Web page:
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The rotation of Mercury is a little strange to Earth bound creatures. It rotates on its axis very slowly compared to its orbital period. One rotation takes 175.97 Earth days according to NASA’s Solar System Exploration webpage, while one orbital period only takes 88 Earth days. The day is 1.999 times as long as a single year. The planet’s equatorial rotational speed is 10.892 km/h. These periods are given in solar days. In sidereal days Mercury rotates every 58.647 days and orbits twice during every three rotations.
At some places on Mercury’s surface, an observer could see the Sun rise about halfway, reverse its course, then set, all over the course of one Mercurial day. This happens about four days prior to perihelion, because Mercury’s angular orbital velocity is equal to its angular rotational velocity. This causes the apparent motion of the Sun to stop. Once Mercury achieves perihelion, its angular orbital velocity exceeds the angular rotational velocity and the Sun begins to move in reverse. That is a simplification of sorts, so here is another way to explain this, in a little more detail: During one Mercurian year, the average motion of the Sun is two degrees per day to the west(one-third of the stars’ motion of six degrees per day) making the day three times longer than the rotation period. At different times of that year, the motion varies. When nearing aphelion, the orbital motion is slower, and the net westward motion of the Sun is more than 150% its normal angular velocity, or more than three degrees per day. On the other hand, when approaching perihelion, the Sun slows, stops moving westward, moves a little over one diameter to the east, then starts slowly moving westward again, faster and faster, until the Sun is going more than three degrees per day to the west, at the next aphelion. At the same time that the Sun is changing speeds, it gets larger, and then smaller, because its apparent size depends upon how far away it is.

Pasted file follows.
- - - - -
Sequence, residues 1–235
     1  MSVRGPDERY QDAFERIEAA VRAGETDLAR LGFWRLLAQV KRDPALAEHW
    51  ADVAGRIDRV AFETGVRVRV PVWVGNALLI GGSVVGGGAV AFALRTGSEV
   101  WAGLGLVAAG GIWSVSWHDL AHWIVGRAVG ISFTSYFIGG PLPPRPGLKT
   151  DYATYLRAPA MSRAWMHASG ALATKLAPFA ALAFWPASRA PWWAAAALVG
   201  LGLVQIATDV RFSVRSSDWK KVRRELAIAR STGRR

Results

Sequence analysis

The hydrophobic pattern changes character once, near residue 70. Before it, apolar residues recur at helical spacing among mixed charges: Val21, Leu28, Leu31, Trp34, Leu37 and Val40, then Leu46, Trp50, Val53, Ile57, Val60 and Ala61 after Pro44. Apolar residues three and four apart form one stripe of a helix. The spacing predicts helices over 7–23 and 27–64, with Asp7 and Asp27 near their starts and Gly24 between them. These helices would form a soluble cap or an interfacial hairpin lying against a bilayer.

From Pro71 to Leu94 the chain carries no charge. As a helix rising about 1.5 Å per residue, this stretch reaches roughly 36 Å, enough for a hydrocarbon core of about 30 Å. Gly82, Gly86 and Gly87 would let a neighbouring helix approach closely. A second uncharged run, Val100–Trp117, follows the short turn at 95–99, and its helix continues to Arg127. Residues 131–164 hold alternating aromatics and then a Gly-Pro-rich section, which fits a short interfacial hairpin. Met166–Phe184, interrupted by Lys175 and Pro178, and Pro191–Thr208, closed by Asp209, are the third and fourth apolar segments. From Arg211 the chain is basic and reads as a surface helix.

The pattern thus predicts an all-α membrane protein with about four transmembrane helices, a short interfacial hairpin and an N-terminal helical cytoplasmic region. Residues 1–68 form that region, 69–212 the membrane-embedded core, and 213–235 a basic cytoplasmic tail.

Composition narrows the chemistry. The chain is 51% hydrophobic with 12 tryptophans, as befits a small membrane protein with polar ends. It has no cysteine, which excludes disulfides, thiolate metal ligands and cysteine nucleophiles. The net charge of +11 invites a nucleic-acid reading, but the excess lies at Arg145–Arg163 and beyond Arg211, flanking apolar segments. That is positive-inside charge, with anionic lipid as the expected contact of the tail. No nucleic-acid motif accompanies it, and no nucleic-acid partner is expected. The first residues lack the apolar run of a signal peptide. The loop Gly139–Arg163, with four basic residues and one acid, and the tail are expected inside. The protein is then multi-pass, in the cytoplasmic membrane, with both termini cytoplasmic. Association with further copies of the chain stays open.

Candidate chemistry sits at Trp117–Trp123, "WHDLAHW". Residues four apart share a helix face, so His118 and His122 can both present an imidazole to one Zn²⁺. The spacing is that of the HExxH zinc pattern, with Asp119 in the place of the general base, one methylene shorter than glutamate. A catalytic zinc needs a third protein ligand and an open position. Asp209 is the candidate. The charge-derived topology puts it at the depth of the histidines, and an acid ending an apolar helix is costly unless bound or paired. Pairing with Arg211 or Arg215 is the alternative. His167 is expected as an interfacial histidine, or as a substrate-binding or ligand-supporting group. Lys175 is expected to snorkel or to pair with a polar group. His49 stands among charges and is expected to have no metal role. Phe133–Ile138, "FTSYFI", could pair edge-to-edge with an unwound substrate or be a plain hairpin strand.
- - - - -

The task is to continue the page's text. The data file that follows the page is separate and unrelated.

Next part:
The rotation of Mercury was not discovered until 1965. Until then the most widely accepted theory had Mercury tidal locked to the Sun. Soviets scientists bounced radar signals off the planet’s surface in 1962 verifying that the planet rotated, but it wasn’t until scientists using the Arecibo Observatory verified the planet’s sidereal rotational period of 58.647 day.
We’ve also recorded an entire episode of Astronomy Cast all about Mercury. Listen here, Episode 49: Mercury.